Almost Cher

On Tuesday evening my son took me to Lakewood Brewery in Dallas. I had already enjoyed their award winning Temptress imperial milk stout, and Jason wanted me to visit their tasting room.

Temptress is an outstanding ale, but it's not Lakewood's only brew. If you live in the Dallas area you should check them out. http://lakewoodbrewing.com.

My favorite part of the evening was a brush with greatness. Yes, that's almost Cher posing with me.

Here's a little taste of Cher-aoke.

We didn't get to stick around for karaoke, but I enjoyed myself. I even bought a tshirt.

Peace, people!

The Spotlight

In response to the Daily Post’s Daily Prompt:

Witness Protection. When you do something scary or stressful–bungee jumping or public speaking, etc.–do you prefer to be surrounded by friends or by strangers? Why?

No shrinking violet, am I
Yet the circumstances do decree
If an audience of strangers or friends
Is preferable to me.

When speaking to a group
Of unfamiliar folks my
Sense of timing is impeccable
And I’m full of witty jokes.

At karaoke, though, I find
The better I know the crowd
The more relaxed my vocal chords
So I sing out loud and proud.

If ever I should bungee jump
I want six friends around
To serve as my pall bearers
In case I splatter on the ground.

Peace, people!

Bad Karaoke

My singing is so bad it almost resulted in an arrest one night. A group of my co-workers and their spouses gathered one evening at a bar in Great Bend, Kansas, to celebrate the birthday of one of our friends. As it happened, the bar featured karaoke, and after we’d had a few drinks some of us began putting our names on the list of singers.

I was a karaoke virgin, but not a hesitant one. Once my name was called I practically leapt to the microphone and promptly butchered “Leader of the Pack” by singing when I shouldn’t, and not singing when I should. It looked much easier when I was just spectating.

Now anyone with a smidgen of self respect would have called it quits after the first go round. Maybe my smidgen was missing that night. I signed up again and again, and while I became better at following the bouncing ball my voice never got even a little better. But, everyone seemed to be having a good time so what was the harm?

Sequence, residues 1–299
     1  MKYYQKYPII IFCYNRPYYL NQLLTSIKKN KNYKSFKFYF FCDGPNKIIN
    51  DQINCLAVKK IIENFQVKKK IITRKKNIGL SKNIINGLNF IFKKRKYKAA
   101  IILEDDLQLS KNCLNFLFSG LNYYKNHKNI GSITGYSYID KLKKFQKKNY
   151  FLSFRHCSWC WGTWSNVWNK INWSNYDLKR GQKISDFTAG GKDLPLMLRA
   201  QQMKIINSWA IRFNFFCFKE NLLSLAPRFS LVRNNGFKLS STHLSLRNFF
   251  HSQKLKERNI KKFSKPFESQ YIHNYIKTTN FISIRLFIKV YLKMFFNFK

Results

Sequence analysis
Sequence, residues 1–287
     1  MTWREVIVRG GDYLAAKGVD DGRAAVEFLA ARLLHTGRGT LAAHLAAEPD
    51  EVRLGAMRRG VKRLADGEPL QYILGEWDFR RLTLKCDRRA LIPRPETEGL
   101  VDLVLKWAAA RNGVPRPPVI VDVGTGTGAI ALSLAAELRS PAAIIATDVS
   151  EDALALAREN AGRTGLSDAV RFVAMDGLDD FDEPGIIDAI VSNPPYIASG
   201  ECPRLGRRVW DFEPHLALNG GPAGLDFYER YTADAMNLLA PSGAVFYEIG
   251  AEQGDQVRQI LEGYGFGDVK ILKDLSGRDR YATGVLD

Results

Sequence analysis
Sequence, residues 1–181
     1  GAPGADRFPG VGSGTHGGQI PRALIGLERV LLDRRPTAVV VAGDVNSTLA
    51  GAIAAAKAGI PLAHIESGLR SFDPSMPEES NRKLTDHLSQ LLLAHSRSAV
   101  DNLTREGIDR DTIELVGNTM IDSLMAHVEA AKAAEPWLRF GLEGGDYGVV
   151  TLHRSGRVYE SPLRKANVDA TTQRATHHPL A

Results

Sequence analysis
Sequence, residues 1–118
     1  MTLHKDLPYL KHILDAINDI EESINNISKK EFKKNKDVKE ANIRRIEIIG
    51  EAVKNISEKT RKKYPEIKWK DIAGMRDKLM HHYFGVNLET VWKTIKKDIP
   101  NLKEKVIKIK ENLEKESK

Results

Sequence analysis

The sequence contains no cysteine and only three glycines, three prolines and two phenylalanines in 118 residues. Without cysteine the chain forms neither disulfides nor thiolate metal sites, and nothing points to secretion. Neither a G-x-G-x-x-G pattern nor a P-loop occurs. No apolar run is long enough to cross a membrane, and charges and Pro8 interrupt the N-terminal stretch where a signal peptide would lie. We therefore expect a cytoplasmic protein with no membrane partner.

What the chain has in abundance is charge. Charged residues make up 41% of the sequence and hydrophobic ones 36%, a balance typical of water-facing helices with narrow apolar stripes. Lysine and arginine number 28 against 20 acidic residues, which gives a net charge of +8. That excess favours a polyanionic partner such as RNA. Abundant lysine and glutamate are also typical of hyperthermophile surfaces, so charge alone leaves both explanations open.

Studly doesn’t sing, but he sat there drinking a beer, or two, or five, cheering me and the other members of our group on. The birthday boy (we’ll call him Bob) and I decided to sing a duet to “I Got You, Babe,” the classic Sonny and Cher hit. Bob could actually sing, so our duet had an interesting sound to say the least. I was trying to channel Cher, but ended up sounding like Oscar the Grouch with Kermit the Frog in his throat.

That’s when the heckling began. An inebriated couple–an incredibly skinny man and equally incredibly beefy woman–started yelling hateful slurs at Bob and me during our song. I was oblivious, but Studly was not. He asked the inebriated pair to shut their mouths. They impolitely declined. Our song ended, but on my way back to the table I was grabbed by some friendly folks to sing “Goodbye Earl,” so I stayed in the spotlight where I felt I’d always belonged.

I’d never even heard the song before, so I was kind of talk-singing the lyrics when I wasn’t laughing. The inebriated couple grew louder. Studly was busy defending my honor. I was still oblivious. I remember looking up from the karaoke screen to see an officer of the peace putting handcuffs on my husband. For some reason, the gravity of the situation didn’t phase me even a little bit. I calmly announced to my fellow singers and the room at large that I needed to go because my husband was being arrested.

I hurried to Studly’s side and arrived at the same time as one of the bartenders who came to Studly’s defense. According to the bartender the female part of the couple launched herself at Studly about the same time that I was singing about Earl dying. Studly held her off without actually hitting her, but she was big and strong and he finally had to give her a less than gentle shove to move her away from him. That’s when the police walked into the bar.

Just as in my favorite cop shows the officers escorted both parties to separate locations to grill them about the incident. I watched from the sidelines thinking, “Book her Dan-O!” With multiple witnesses corroborating Studly’s tale he was freed from handcuffs in a matter of a few painfully embarrassing minutes. In the end, he was asked if he wanted to press charges against his attacker. He declined. He just wanted to put the whole episode behind him. Too bad he’s married to me.

Just for the record, I am now a karaoke veteran, but Studly is banned from my performances until I actually learn to sing. In other words, it’s a lifetime ban.

Peace, People!